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The fsck(8) manpage on Linux includes the following table of exit codes:

   The exit code returned by fsck is the sum of the following conditions:

          0      No errors
          1      Filesystem errors corrected
          2      System should be rebooted
          4      Filesystem errors left uncorrected
          8      Operational error
          16     Usage or syntax error
          32     Checking canceled by user request
          128    Shared-library error    

Exit code 2 has been allocated to 'System should be rebooted', so we can probably assume it has some purpose. Yet in principle fsck could return this exit code after checking some kind of external thumb drive that isn't critical to the operation of the system at all. It seems absurd that an error in a non-essential file system like this would necessitate a reboot, especially if the file system has only been touched by fsck.

What does a 'System should be rebooted' exit code actually mean?

2 Answers 2

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It means that the filesystem in question was mounted while the check was being performed, fsck had to actually modify data on-disk to fix an error, and the filesystem can't be manually remounted without rebooting the system.

The primary case for this is when errors are found (and repaired) on the root filesystem. Unless you have a really fancy initramfs or recovery environment you're checking the filesystem from, you're running off of the root filesystem while you're checking it (thus it's mounted read-only).

For performance reasons, the kernel doesn't revalidate cached metadata for mounted filesystems (because nothing (other than fsck should be changing the data on-disk other than the kernel for a mounted filesystem), so if fsck has to fix some of that metadata, it either needs to notify the kernel (which it can't on most UNIX systems), or tell the user to unmount the filesystem and then mount it again to get the kernel to pick up the modified metadata. The only way to do that with the root filesystem though is to actually restart the system itself.

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  • Couldn't one just use pivot_root(2) to switch to some tmpfs, unmount the original root and re-mount it again? This should address any concerns about cached data structures, but technically isn't rebooting. Aug 25, 2019 at 16:47
  • @user3840170 The thing is, a reboot always works, and doesn't need special setup like using pivot_root`` (or kexec) would. You could indeed do a double pivot_root` through a specially prepared tmpfs instance (or use kexec to just reload the kernel from scratch), but fsck can't make the assumption that you have such things set up (or even know how to do so), and absolutely shouldn't do it itself (for multiple reasons), so it's left with the only option being to give the user a simple easily understood result. Aug 26, 2019 at 13:12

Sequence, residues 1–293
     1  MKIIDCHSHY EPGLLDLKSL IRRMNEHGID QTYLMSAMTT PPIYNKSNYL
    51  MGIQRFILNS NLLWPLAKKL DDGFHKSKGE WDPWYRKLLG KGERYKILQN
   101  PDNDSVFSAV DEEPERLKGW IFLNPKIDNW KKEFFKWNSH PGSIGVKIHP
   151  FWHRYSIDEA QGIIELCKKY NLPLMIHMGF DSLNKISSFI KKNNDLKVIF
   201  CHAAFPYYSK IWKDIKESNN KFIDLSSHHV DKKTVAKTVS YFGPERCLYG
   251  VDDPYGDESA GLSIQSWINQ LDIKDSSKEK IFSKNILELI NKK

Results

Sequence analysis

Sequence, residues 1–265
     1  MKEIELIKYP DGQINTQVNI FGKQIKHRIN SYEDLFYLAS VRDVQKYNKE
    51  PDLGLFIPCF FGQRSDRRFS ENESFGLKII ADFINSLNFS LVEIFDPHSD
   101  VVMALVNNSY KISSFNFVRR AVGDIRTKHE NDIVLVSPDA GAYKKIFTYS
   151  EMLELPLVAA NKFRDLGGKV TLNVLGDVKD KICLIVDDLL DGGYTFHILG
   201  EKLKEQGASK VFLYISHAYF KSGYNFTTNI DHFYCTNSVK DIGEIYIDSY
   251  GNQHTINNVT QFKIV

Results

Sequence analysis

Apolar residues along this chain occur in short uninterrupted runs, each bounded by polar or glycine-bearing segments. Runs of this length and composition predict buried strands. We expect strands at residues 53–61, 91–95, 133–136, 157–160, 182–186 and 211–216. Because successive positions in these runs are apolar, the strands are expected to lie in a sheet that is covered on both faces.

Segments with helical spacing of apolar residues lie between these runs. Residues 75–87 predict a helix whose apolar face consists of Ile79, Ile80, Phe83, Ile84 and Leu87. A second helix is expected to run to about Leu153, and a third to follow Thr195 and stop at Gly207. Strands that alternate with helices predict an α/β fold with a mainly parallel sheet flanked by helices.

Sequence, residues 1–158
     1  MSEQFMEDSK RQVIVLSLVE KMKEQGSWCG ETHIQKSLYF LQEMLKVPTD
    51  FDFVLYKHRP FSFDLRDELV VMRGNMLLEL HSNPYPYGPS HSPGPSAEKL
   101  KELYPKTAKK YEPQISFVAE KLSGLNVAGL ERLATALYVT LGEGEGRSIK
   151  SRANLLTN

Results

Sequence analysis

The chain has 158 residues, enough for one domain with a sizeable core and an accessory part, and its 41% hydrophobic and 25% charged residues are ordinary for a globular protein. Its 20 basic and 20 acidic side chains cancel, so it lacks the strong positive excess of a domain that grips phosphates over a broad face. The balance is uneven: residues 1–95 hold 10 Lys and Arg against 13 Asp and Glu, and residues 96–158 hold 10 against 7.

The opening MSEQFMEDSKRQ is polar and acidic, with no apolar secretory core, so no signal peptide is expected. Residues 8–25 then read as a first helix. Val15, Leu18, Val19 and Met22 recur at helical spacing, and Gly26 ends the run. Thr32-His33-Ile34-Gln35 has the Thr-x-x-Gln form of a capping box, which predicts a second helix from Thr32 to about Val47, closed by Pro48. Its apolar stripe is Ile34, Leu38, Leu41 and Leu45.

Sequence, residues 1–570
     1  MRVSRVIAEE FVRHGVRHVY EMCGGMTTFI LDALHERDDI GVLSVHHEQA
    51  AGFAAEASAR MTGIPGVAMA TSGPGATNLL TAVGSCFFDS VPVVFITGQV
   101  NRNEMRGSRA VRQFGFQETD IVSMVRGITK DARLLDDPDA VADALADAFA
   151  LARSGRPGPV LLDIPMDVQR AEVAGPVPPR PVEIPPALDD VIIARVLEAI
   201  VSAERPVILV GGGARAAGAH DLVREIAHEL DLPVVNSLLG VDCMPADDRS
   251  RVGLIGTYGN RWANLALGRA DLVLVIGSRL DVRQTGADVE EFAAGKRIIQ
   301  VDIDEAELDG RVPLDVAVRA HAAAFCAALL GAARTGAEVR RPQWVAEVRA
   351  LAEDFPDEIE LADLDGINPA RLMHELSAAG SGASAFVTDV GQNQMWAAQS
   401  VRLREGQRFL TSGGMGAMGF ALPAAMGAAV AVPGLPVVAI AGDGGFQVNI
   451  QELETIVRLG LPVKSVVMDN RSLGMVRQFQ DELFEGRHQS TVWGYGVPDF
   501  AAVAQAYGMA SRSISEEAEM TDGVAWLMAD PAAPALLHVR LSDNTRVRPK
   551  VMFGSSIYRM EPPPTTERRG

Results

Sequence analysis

• So it really means "filesystem needs a remount", and reboot is the easy and reliable way to do that.
    – starblue
    Apr 21, 2023 at 7:34
  • @starblue Historically, the only way to do that for the root filesystem was a reboot. And even with a modern system designed for it, you need to completely shut down all of userspace to do it because absolutely nothing can be using it, and for most users that’s functionally equivalent to a reboot, albeit possibly much faster. Apr 22, 2023 at 11:35
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It really does mean that the system should be rebooted.

fsck implementations are typically careful about returning this code only when necessary: for example, e2fsck returns it if it corrected errors on the root file system, while it was mounted (it is typically mounted read-only until it’s been checked). You shouldn’t get it on an external drive.

Note that you should check the documentation for the specific checkers being used. For example, fsck.fat doesn’t use the same exit codes, and blindly assuming that an exit code of 2 means to reboot could lead to surprises.

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  • Thing is, the main /sbin/fsck binary may use bitwise OR to combine exit codes coming from different filesystem-specific fsck binaries; for this operation to make sense, there really should be some common interpretation for these exit codes. fsck.fat not using these standard codes is a bug, which presumably will be fixed in some future release. Aug 25, 2019 at 16:58
  • Yes, I agree it’s a bug; unfortunately that doesn’t change the fact that you can’t rely on the codes having a common meaning, you need to check first. (And yes, I think all fscks you’d use on a root file system do follow the main fsck expectations.) Aug 25, 2019 at 18:48
  • If the only sensible action in that case is to reboot, why doesn't fsck just invoke reboot(2) on its own, or send SIGINT to PID 1? The reboot must be for some reason other than 'because I said so'. Sep 3, 2019 at 8:31
  • One tool, one job. fsck’s job is to check and fix file systems, not to handle rebooting. Arguably the documentation assumes too much; it would be more accurate to say “2 indicates that a mounted file system was altered” (which in practice means the system should be rebooted). Sep 3, 2019 at 9:06

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